The DeCarley Perspective Trading Newsletter
Is it now or never for the commodity markets?
This commodity trading newsletter was emailed to DeCarley futures brokerage clients on August 27th, 2015.
It has been a rough year for commodity bulls, but things can change quickly.
As a commodity broker, it has been particularly painful to see the value of commodities depreciate in sympathy to a stronger U.S. Dollar. However, it has been almost unbearable to see weakness continue to plague the commodity markets in the face of a downturn in the greenback. The lack of a response to changes in the currency markets, is a clear sign of horrific market sentiment.
No longer do investors yearn for allocation into long only commodity funds; which, by the way, played a big part in their over-valuation several years ago. Instead, investors have spent the last year liquidating their holdings; most of them licking their wounds.
We will be the first to admit that we didn’t see the entire commodity complex getting this “cheap”. Further, sometimes even cheap markets get cheaper. Nevertheless, on a long-term scale we are confident traders will look back on this in the same way they do the 2008 commodity melt-down; as a missed bullish opportunity.
It is no surprise that the major driving force behind the most recent bout of selling has been weakness in Chinese economic data, but conceivably volatility in the Chinese equity market simply bled into the commodity markets. We don’t know enough about Chinese equities, to try to call a bottom there but we do know that the Bank of China has few limits on the measures it can take to stabilize its country’s financial system. In addition, although they sometimes mislead us, we know charts….let’s take a look at a few we find interesting.
Goldman Sachs Commodity Index Technical Analysis
The GSCI is dramatically oversold, but those that have tried to pick the bottom in commodities will tell you it has been that way for several months. Further, being oversold doesn’t automatically translate into buying interest. Despite that, it is hard to ignore the upside potential. Both the Relative Strength Index (RSI), and Williams Percent R (W%R) are hovering at rarely seen discounted levels, and the chart is suggesting a possible double bottom.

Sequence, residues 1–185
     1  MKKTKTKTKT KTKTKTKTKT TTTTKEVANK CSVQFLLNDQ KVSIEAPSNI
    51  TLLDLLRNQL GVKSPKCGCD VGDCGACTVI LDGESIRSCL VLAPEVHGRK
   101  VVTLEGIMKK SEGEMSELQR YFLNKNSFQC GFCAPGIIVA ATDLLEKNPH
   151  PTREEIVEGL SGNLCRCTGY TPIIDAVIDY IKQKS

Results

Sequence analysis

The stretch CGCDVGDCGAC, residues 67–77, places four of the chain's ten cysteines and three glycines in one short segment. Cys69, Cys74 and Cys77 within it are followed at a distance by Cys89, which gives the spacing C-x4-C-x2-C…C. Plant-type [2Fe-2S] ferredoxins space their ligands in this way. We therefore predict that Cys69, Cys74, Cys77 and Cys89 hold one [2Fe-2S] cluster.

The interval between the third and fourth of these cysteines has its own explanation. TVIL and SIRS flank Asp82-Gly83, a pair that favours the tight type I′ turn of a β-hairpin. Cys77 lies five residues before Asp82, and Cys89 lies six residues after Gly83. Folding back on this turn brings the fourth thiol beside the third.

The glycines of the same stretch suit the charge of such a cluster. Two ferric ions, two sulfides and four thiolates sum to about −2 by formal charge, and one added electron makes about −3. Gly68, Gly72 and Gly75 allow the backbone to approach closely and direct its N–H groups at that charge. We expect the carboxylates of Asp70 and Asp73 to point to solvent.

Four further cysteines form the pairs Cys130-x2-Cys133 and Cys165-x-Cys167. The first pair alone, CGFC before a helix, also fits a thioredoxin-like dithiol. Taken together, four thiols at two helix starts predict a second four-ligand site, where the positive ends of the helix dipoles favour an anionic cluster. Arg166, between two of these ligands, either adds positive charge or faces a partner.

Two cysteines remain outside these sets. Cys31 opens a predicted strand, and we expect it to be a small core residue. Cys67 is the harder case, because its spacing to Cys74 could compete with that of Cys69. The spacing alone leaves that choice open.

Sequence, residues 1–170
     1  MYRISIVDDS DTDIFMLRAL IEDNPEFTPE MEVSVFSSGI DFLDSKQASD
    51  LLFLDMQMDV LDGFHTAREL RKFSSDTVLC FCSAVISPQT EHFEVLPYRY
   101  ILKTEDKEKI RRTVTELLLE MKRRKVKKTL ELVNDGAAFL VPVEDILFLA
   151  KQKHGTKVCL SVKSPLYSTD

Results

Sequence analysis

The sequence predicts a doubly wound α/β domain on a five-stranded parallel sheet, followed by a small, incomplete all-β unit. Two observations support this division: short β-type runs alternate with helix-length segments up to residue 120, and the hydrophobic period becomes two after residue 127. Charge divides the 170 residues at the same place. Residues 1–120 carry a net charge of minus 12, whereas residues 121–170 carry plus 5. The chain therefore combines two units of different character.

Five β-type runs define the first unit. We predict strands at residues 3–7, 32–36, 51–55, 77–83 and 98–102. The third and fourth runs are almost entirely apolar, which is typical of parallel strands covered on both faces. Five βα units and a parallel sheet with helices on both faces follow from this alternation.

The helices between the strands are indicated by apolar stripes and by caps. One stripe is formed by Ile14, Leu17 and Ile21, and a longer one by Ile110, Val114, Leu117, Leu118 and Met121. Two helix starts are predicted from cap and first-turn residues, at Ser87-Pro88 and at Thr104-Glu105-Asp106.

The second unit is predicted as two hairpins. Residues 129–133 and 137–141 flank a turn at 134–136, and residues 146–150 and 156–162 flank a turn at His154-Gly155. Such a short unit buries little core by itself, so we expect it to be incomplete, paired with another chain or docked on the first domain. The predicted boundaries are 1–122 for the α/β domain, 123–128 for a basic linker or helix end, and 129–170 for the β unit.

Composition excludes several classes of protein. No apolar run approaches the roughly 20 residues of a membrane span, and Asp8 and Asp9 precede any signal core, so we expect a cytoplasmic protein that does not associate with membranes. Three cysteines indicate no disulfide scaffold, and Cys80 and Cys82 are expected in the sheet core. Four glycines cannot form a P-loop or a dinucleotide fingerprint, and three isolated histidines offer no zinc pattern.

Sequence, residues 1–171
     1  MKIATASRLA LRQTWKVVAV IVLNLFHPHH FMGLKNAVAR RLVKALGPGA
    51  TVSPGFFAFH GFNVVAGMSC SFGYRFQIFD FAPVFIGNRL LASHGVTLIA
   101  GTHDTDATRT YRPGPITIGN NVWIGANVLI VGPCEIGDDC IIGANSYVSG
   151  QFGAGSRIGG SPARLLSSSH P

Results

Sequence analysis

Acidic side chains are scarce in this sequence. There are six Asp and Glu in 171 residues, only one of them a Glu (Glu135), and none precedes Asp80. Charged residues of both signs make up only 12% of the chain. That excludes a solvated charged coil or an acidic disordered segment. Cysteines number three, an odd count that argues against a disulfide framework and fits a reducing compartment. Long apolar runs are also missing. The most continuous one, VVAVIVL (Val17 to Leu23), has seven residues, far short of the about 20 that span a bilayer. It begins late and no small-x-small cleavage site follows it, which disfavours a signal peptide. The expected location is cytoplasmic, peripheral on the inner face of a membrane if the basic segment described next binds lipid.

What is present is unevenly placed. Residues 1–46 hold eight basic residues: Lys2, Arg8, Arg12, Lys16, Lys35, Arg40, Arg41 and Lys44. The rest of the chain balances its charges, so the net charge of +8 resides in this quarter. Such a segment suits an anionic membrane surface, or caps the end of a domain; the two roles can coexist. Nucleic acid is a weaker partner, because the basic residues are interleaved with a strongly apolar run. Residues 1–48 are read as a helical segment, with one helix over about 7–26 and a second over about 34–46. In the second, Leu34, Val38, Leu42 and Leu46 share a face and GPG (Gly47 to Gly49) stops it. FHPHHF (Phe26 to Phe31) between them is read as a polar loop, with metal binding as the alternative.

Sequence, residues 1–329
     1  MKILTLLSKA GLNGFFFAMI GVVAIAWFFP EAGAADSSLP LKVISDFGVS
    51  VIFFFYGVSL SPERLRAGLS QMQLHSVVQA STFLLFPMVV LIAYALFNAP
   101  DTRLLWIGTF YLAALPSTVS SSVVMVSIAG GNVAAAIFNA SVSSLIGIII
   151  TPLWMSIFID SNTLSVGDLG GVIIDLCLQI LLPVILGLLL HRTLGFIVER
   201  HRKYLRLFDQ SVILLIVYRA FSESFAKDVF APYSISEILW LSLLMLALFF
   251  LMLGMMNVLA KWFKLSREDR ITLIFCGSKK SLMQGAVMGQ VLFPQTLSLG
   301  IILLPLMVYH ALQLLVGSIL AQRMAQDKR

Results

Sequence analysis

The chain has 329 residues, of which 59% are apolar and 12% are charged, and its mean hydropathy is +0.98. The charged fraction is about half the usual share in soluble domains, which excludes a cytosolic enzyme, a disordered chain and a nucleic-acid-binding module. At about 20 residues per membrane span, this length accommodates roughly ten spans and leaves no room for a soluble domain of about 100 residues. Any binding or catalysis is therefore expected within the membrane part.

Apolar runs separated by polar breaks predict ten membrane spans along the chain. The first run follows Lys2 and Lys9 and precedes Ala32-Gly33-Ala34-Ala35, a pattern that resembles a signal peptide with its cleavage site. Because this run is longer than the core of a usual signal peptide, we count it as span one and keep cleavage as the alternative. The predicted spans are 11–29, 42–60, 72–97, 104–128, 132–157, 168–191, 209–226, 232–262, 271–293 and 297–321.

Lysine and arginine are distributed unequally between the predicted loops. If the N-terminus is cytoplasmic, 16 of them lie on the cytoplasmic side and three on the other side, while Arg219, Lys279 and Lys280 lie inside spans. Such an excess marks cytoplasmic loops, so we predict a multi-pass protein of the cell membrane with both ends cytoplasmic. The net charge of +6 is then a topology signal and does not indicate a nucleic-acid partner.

Australian Dollar Futures Technical Analysis
It is no secret we started getting bullish in the Australian dollar a little early, but at this point we are still of the belief that eventually the currency will find footing. If China can find a way to get its house in order, or at least the appearance of such (which is more likely than a true fix), the Aussie should catch up with the other currencies in regard to appreciation against the greenback. After all, Australia is highly dependent on commodity prices, and weaker demand expectations from China has held the currency hostage.
The Slow Stochastic technical oscillator has dipped into oversold territory on a weekly chart and appears to be trying to turn the corner. Similar patterns in the past, which date back to mid-2012 have resulted in sizable rallies. If we get a repeat, we suspect the low 80s will be possible on a quick short squeeze.
FXI (Chinese Stock ETF)
The Chinese stock market is primitive in that it tends to experience much bigger booms and busts that a more developed equity market might. Further, it is governed by aggressive and unconventional tactics. However, it has managed to develop stable trend-lines and a pattern of rebounding from an RSI reading of 30 or less. If history repeats itself, stability could be right around the corner.
The Bottom Line on Commodity Trading Going Forward
The commodity complex as a whole is likely yielding aggressive investors historically attractive alternatives. Nevertheless, that doesn’t mean you should bite off more than you can chew; the risks of participating are real, and each commodity should be assessed individually.